Defendant contends the trial judge erred in permitting in evidence an oral inculpatory statement made by him in response to interrogation by customs agent Kennedy after his freedom had been restrained but before being advised of his Miranda rights.

The state laid a predicate for introduction of the statement in evidence outside the presence of the jury. Customs agent Kennedy and his party boarded the vessel and assembled the crew, including defendant, on the deck. Although the boarding party was armed, Kennedy testified that he did not believe anyone in his party had drawn his weapon. Although Kennedy had difficulty communicating with the Spanish-speaking crew, he managed to get responses to his inquiries as to where the captain was, from where the vessel was coming, and if the vessel had any papers. Kennedy then asked defendant in Spanish as he pointed to the hatch, "What are you carrying here?" Receiving no response, he repeated the question and asked: "What are you carrying here, Marijuana?" Defendant replied: "Poquito," meaning "a little bit" in Spanish. The trial judge found that since the statement was not made during "custodial interrogation," no Miranda warnings were required. He also found the statement was freely and voluntarily made. Defendant noted his objection.

Before a confession can be introduced in evidence, the state has the burden of affirmatively proving that it was free and voluntary and not made under the influence of fear, duress, intimidation, menaces, threats, inducements or promises. La.R.S. 15:451. It must also be established that an accused who makes a confession during custodial interrogation was first advised of his Miranda rights. Miranda v. Arizona, 384 U.S. 436, 86 S. Ct. 1602, 16 L. Ed. 2d 694 (1966). In Miranda, the United States Supreme Court observed: "By custodial interrogation, we mean questioning initiated by law enforcement officers after a person has been ... deprived of his freedom of action in any significant way."

When customs agent Kennedy and his party boarded the vessel, they had no reason to believe that the cargo was composed of contraband. They had a right to *783 board the vessel, examine the manifest and other documents and papers and search the vessel and any person thereon. The inquiries made by customs agent Kennedy as he boarded the vessel were made incidental to and in furtherance of this right. The inquiries were investigatory in nature. It was not the type of "custodial interrogation" that requires prior Miranda warnings. The trial judge did not err in permitting the statement in evidence.

Assignment of Error No. 4 is without merit.


For the reasons assigned, defendant's conviction and sentence are affirmed.


[*] Judges Frederick S. Ellis, Luther F. Cole and J. Louis Watkins, Jr. of the Court of Appeal, First Circuit, participated in this decision as associate justices ad hoc, joined by Chief Justice Dixon and Associate Justices Marcus, Watson and Lemmon.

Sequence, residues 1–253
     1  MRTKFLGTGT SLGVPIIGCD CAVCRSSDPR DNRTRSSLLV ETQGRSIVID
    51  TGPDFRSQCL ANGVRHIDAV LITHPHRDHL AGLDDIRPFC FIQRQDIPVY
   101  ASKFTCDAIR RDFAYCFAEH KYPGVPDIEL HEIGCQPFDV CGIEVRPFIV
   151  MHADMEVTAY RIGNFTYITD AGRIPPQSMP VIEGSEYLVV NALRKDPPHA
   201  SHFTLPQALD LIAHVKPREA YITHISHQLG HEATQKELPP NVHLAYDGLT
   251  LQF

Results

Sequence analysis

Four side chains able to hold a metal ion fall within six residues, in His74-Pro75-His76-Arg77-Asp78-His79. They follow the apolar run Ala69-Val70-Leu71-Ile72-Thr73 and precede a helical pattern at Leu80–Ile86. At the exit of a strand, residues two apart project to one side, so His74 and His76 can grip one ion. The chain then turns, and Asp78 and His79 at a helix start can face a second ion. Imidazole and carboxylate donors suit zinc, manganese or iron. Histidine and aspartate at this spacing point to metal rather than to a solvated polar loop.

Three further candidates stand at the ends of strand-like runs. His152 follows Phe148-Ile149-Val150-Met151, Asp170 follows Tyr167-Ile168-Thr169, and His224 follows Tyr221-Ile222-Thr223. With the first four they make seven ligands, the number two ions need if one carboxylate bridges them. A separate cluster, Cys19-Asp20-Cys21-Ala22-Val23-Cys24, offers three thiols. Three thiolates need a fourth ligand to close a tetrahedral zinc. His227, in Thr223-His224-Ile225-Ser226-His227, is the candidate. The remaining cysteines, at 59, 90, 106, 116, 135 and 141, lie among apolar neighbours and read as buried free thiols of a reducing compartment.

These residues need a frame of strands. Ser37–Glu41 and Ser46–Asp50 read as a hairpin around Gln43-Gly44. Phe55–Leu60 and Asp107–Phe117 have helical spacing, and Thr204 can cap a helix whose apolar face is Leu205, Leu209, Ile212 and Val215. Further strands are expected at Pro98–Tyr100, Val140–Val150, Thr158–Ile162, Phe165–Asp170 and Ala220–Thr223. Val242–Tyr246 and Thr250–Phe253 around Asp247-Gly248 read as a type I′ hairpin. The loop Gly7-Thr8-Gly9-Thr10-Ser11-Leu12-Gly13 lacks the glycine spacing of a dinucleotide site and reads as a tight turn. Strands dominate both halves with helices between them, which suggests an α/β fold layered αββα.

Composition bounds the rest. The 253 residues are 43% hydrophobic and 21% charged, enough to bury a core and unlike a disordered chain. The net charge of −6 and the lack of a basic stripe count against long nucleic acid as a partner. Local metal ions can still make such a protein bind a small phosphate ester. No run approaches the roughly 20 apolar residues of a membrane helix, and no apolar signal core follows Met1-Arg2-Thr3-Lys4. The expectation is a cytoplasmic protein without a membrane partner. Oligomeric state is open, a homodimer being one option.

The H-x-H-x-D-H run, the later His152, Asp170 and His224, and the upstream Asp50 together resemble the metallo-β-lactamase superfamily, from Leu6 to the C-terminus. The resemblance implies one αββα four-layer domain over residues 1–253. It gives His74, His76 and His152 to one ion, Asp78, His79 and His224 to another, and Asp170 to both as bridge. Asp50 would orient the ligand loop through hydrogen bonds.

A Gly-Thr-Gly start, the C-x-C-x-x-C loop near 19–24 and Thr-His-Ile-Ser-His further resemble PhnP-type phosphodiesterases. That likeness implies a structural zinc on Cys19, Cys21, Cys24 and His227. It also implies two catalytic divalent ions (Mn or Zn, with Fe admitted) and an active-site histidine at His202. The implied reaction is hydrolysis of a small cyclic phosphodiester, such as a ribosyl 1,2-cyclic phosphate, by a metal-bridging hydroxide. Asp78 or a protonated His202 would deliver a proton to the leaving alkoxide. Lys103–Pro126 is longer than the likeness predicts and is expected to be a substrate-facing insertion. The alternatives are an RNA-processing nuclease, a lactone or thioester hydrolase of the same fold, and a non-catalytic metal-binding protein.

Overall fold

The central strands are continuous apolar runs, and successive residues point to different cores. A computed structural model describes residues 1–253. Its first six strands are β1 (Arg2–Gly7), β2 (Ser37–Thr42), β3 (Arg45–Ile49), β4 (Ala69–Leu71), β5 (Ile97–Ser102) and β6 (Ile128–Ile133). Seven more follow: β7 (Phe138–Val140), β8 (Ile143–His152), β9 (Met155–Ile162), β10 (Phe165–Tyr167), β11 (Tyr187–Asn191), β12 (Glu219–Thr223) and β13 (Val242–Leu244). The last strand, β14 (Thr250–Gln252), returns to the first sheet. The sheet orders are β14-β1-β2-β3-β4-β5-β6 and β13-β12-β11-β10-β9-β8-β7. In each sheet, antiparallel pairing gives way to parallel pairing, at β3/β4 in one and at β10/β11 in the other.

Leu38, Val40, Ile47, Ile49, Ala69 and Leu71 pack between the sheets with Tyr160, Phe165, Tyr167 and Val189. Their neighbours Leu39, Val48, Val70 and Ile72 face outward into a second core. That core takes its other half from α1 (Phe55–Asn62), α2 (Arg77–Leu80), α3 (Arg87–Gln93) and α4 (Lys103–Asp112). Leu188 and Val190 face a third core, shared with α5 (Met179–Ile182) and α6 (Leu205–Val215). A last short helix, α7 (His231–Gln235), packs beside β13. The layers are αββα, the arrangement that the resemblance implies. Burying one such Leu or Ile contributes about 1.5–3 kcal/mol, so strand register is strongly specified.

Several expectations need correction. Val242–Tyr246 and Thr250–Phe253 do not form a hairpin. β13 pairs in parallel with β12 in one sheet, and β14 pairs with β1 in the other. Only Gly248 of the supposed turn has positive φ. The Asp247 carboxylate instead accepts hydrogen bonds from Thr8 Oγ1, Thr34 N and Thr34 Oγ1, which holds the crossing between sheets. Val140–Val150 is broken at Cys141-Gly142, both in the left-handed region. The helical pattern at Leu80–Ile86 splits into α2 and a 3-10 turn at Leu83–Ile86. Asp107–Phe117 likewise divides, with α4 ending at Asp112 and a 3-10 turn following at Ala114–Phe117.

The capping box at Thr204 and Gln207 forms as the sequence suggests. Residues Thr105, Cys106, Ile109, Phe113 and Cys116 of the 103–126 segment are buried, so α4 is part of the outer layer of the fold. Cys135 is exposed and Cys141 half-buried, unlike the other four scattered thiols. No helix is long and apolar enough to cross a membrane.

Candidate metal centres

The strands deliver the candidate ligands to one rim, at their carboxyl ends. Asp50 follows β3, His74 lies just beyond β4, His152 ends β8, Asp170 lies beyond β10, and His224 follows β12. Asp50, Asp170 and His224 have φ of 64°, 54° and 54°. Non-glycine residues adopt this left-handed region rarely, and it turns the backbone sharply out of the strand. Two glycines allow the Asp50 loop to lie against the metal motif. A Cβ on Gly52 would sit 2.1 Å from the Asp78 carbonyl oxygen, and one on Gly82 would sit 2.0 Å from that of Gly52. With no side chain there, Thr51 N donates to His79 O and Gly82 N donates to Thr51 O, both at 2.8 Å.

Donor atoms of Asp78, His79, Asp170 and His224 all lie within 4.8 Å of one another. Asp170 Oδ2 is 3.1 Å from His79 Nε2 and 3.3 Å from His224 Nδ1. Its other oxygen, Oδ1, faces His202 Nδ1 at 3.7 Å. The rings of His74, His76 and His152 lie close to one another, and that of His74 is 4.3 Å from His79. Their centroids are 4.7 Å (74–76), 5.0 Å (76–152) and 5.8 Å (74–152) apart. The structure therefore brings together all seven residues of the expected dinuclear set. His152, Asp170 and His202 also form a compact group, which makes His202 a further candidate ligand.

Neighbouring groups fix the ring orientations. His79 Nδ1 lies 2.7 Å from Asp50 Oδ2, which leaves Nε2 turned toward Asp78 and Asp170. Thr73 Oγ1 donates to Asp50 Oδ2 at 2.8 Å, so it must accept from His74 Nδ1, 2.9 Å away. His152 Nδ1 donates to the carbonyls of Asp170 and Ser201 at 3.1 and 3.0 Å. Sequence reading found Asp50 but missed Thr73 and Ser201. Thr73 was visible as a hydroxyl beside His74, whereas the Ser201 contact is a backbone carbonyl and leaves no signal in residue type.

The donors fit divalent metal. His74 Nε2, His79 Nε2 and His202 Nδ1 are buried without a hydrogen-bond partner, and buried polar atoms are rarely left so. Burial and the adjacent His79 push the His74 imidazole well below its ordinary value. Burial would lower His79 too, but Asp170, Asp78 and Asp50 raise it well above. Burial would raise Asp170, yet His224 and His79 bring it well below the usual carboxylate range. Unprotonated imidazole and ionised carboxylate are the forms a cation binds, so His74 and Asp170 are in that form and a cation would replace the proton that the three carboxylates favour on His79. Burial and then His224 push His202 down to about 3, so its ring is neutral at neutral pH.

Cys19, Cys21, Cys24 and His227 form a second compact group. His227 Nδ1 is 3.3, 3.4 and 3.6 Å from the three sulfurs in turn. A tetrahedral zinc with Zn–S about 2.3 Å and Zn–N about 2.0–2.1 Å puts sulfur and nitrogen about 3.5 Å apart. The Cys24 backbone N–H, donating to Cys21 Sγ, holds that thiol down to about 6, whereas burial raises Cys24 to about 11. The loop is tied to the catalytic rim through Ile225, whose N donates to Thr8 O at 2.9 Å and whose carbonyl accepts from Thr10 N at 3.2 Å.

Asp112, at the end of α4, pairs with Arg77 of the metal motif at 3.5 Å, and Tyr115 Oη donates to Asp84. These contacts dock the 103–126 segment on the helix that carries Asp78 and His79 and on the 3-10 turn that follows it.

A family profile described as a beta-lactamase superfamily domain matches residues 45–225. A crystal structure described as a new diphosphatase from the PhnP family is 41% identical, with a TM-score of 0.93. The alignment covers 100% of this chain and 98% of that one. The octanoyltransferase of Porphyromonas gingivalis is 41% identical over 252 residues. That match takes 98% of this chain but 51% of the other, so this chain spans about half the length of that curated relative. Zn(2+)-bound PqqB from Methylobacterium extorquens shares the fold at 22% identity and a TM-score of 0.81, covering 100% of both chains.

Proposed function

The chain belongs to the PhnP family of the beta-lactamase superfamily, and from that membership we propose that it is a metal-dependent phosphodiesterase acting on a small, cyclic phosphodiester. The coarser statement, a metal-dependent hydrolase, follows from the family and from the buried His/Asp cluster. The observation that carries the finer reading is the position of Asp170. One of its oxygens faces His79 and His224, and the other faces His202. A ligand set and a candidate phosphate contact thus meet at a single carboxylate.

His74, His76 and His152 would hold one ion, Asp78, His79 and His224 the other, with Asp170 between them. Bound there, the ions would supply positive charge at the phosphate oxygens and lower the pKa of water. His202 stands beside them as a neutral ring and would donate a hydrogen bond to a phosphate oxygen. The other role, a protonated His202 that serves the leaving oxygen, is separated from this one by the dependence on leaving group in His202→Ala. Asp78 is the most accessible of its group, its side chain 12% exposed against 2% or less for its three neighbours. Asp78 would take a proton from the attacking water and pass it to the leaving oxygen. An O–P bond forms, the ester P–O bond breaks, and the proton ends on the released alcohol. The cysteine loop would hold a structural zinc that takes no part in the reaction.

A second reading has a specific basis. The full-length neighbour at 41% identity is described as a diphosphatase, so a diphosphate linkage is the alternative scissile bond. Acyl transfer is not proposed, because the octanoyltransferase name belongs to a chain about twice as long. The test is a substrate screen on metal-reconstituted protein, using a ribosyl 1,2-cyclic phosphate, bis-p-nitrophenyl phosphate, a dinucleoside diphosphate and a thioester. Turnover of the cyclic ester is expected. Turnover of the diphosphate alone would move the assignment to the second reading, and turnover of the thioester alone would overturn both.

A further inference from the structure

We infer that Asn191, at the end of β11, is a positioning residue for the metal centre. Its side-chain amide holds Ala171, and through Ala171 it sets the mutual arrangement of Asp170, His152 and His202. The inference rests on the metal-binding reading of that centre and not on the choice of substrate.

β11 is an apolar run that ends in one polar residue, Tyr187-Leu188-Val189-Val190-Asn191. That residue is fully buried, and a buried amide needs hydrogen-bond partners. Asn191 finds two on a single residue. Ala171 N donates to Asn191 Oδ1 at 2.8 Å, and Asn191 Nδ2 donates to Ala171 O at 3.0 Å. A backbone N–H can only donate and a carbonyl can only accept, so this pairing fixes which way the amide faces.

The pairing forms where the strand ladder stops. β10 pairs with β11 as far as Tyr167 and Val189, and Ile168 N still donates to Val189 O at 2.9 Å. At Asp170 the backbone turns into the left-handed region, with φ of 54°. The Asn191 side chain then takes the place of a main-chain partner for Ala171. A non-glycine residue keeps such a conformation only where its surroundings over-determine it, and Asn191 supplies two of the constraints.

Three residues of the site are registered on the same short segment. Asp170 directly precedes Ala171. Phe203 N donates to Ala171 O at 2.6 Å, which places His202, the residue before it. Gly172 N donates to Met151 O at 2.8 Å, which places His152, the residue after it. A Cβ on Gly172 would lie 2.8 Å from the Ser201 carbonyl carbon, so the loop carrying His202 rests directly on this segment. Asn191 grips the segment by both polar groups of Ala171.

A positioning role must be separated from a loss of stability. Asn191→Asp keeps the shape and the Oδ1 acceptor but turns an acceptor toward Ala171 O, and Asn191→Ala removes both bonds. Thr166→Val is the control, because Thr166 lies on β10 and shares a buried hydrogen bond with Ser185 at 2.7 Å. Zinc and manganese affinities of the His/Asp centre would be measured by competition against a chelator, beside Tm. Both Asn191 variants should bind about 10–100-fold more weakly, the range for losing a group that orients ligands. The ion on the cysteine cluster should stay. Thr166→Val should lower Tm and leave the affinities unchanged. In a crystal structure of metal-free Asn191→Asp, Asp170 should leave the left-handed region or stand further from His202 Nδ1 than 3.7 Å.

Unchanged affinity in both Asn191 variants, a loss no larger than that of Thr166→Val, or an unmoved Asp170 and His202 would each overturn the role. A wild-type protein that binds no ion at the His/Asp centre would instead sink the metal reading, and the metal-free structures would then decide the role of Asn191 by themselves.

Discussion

[1] The state also urges that the search was valid under 19 U.S.C. § 1581(a) (1980), which provides:

Any officer of the customs may at any time go on board of any vessel or vehicle at any place in the United States or within the customs waters or, as he may be authorized, within a customs-enforcement area established under the Anti-Smuggling Act, or at any other authorized place, without as well as within his district, and examine the manifest and other documents and papers and examine, inspect, and search the vessel or vehicle and every part thereof and any person, trunk, package, or cargo on board, and to this end may hail and stop such vessel or vehicle, and use all necessary force to compel compliance.

However, we recognize that no Act of Congress can authorize violations of the Constitution. Almeida-Sanchez v. United States, supra.

[2] Customs officers may go on board any vessel at any place in the United States or within the customs waters and examine the manifest and other documents and papers and search the vessel and any person located thereon. 19 U.S.C. § 1581(a) (1980). "Customs waters" is defined as waters within twelve miles of the United States coast. 19 U.S.C. § 1401 (1980); see also United States v. Caraballo, 571 F.2d 975 (5th Cir. 1978).

[3] This search would also be valid under 19 U.S.C. § 1581(a) (1980). This statute requires that the vessel be located within "customs waters" and that it crossed into our customs waters from outside. United States v. Tilton, 534 F.2d 1363 (9th Cir. 1976); United States v. Solmes, 527 F.2d 1370 (9th Cir. 1975). For the same reasons set forth in the text above, we find that the requirements were met here.

[4] At the time of trial, La.Code Crim.P. art. 703(B) provided that a motion to suppress a confession or inculpatory statement must be filed no later than three judicial days before trial on the merits begins. Defendant filed his motion on Wednesday, February 6, and the trial was on Monday, February 11.

Some case metadata and case summaries were written with the help of AI, which can produce inaccuracies. You should read the full case before relying on it for legal research purposes.

This site is protected by reCAPTCHA and the Google Privacy Policy and Terms of Service apply.